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Limosilactobacillus reuteri DSM 17938 supplementation and SARS-CoV-2 specific antibody response in healthy adults: a randomized, triple-blinded, placebo-controlled trial
Örebro University, School of Medical Sciences. Nutrition-Gut-Brain Interactions Research Centre, School of Medical Sciences, Faculty of Medicine and Health, Örebro University, Örebro, Sweden.ORCID iD: 0000-0002-1905-918x
Örebro University, School of Medical Sciences. Nutrition-Gut-Brain Interactions Research Centre, School of Medical Sciences, Faculty of Medicine and Health, Örebro University, Örebro, Sweden.ORCID iD: 0000-0001-9402-4756
Örebro University, School of Health Sciences. Nutrition-Gut-Brain Interactions Research Centre, School of Medical Sciences, Faculty of Medicine and Health, Örebro University, Örebro, Sweden.ORCID iD: 0000-0001-6061-4643
Örebro University, School of Medical Sciences. Nutrition-Gut-Brain Interactions Research Centre, School of Medical Sciences, Faculty of Medicine and Health, Örebro University, Örebro, Sweden.
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2023 (English)In: Gut microbes, ISSN 1949-0976, E-ISSN 1949-0984, Vol. 15, no 1, article id 2229938Article in journal (Refereed) Published
Abstract [en]

Studies have shown that probiotics can decrease the symptoms of respiratory tract infections as well as increase antibody responses following certain vaccinations. We examined the effect of probiotic supplementation on anti-SARS-CoV-2 specific antibody responses upon SARS-CoV-2 infection as well as after COVID-19 vaccination. In this randomized, triple-blinded, placebo-controlled intervention study with a parallel design, 159 healthy adults without prior SARS-CoV-2 infection or COVID-19 vaccination and any known risk factors for severe COVID-19 were randomly allocated into two study arms. The active treatment arm consumed a probiotic product containing a minimum of 1 × 108 colony-forming units of Limosilactobacillus reuteri DSM 17938 + 10 μg vitamin D3 twice daily for 6 months. The placebo arm consumed identical tablets containing only 10 μg vitamin D3. Anti-SARS-CoV-2 specific antibodies and virus neutralizing antibody titers were analyzed from blood samples collected at baseline, after 3 months, and after 6 months. Differences in serum antibody titers between the two study arms were tested with independent t-test using log-transformed values. In the intention-to-treat (ITT) analysis, SARS-CoV-2 infected individuals in the active treatment arm (n = 6) tended to have higher serum anti-spike IgG (609 [168-1480] BAU/ml vs 111 [36.1-1210] BAU/ml, p = 0.080) and anti-receptor binding domain (RBD) IgG (928 [212-3449] BAU/ml vs (83.7 [22.8-2094] BAU/ml, p = 0.066) levels than individuals in the placebo arm (n = 6). Considering individuals who were fully vaccinated with mRNA-based COVID-19 vaccines, the active treatment arm (n = 10) exhibited significantly higher serum levels of anti-RBD IgA (135 [32.9-976] BAU/ml vs 61.3 [26.7-97.1] BAU/ml, p = 0.036) than the placebo arm (n = 7) >28 days postvaccination. Supplementation with specific probiotics might improve the long-term efficacy of mRNA-based COVID-19 vaccines via enhanced IgA response.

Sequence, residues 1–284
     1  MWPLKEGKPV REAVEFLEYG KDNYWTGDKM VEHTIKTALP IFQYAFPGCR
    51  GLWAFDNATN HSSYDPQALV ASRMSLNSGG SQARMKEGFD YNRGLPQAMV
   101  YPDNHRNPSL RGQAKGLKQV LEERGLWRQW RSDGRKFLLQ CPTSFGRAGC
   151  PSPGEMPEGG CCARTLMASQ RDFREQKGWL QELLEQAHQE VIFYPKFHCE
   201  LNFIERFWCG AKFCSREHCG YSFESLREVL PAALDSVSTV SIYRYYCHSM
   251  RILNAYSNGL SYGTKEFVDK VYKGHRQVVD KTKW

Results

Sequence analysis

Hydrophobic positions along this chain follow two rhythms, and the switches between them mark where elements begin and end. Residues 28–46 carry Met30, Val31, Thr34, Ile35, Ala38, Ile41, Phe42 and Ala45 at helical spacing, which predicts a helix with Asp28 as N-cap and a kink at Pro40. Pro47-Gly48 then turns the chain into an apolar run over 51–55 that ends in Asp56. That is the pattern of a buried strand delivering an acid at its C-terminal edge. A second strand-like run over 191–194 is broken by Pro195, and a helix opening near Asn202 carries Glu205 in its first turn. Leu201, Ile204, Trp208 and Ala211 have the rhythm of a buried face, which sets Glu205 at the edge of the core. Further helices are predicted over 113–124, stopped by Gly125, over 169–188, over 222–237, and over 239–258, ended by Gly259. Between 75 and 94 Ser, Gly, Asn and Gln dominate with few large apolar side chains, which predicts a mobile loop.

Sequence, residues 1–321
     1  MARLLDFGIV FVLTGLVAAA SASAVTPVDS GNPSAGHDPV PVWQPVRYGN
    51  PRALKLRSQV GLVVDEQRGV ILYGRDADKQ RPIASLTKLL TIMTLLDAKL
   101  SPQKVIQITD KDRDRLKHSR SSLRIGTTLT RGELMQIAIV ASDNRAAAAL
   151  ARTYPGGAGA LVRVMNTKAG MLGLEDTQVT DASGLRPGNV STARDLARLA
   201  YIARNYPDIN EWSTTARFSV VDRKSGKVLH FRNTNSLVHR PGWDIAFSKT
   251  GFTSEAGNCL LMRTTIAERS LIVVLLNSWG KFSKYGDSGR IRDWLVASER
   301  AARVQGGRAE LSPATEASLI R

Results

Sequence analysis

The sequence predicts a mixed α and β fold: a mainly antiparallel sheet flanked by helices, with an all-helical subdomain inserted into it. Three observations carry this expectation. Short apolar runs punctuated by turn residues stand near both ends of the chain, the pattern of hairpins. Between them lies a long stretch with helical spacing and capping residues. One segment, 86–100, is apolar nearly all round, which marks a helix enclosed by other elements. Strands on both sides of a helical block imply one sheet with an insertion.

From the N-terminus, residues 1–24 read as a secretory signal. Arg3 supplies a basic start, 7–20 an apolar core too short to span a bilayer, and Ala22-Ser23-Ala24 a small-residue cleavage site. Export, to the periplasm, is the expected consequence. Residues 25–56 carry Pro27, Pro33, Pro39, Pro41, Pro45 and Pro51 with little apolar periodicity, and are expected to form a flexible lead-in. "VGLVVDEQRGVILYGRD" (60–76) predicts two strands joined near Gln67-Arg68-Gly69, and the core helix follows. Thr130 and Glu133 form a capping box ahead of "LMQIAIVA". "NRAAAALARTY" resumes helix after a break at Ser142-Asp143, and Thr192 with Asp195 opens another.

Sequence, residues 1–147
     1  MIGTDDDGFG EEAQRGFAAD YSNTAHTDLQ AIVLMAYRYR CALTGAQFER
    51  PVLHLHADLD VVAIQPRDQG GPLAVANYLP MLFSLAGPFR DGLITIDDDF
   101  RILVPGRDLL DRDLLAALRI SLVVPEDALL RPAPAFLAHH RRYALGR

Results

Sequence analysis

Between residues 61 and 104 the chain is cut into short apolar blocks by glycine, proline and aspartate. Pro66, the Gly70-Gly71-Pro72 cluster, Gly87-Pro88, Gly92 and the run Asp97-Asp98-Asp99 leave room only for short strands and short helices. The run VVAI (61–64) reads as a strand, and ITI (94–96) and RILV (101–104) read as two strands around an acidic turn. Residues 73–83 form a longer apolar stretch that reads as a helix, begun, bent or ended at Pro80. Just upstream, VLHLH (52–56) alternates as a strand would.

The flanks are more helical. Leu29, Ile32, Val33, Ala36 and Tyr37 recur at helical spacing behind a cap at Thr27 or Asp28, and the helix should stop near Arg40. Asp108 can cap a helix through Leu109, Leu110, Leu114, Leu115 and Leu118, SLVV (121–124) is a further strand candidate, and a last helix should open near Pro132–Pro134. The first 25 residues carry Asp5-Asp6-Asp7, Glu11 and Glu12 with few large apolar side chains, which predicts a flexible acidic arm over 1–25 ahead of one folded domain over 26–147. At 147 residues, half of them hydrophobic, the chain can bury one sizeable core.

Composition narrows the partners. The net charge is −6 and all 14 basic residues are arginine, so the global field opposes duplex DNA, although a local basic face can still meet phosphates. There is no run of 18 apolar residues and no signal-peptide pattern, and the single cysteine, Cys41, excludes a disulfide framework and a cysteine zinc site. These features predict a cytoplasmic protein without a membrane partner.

Place, publisher, year, edition, pages
Taylor & Francis, 2023. Vol. 15, no 1, article id 2229938
Keywords [en]
COVID-19, Probiotics, SARS-CoV-2, antibody, immunology
National Category
Infectious Medicine
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URN: urn:nbn:se:oru:diva-106943DOI: 10.1080/19490976.2023.2229938ISI: 001020016900001PubMedID: 37401761Scopus ID: 2-s2.0-85164011823OAI: oai:DiVA.org:oru-106943DiVA, id: diva2:1779922
Available from: 2023-07-05 Created: 2023-07-05 Last updated: 2023-08-01Bibliographically approved

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Forsgård, Richard A.Rode, JuliaLobenius Palmér, KarinKamm, AnnalenaPatil, SnehalLentjes, Marleen A. H.Montgomery, ScottBrummer, Robert Jan

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